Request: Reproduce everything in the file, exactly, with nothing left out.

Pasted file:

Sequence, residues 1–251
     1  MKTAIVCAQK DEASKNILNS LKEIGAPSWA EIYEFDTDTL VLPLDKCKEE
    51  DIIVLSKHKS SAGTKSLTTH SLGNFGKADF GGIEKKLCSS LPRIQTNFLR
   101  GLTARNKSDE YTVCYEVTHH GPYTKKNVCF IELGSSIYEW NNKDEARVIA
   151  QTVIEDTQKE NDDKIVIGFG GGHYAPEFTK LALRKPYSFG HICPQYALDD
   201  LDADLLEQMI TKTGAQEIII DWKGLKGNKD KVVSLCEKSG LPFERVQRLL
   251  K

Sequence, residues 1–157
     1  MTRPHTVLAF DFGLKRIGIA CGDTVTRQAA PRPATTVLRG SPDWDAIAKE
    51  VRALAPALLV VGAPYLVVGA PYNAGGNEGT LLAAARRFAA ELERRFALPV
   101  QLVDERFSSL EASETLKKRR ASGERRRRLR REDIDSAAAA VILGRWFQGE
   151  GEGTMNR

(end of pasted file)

Sequence, residues 1–251
     1  MKTAIVCAQK DEASKNILNS LKEIGAPSWA EIYEFDTDTL VLPLDKCKEE
    51  DIIVLSKHKS SAGTKSLTTH SLGNFGKADF GGIEKKLCSS LPRIQTNFLR
   101  GLTARNKSDE YTVCYEVTHH GPYTKKNVCF IELGSSIYEW NNKDEARVIA
   151  QTVIEDTQKE NDDKIVIGFG GGHYAPEFTK LALRKPYSFG HICPQYALDD
   201  LDADLLEQMI TKTGAQEIII DWKGLKGNKD KVVSLCEKSG LPFERVQRLL
   251  K

Sequence, residues 1–157
     1  MTRPHTVLAF DFGLKRIGIA CGDTVTRQAA PRPATTVLRG SPDWDAIAKE
    51  VRALAPALLV VGAPYLVVGA PYNAGGNEGT LLAAARRFAA ELERRFALPV
   101  QLVDERFSSL EASETLKKRR ASGERRRRLR REDIDSAAAA VILGRWFQGE
   151  GEGTMNR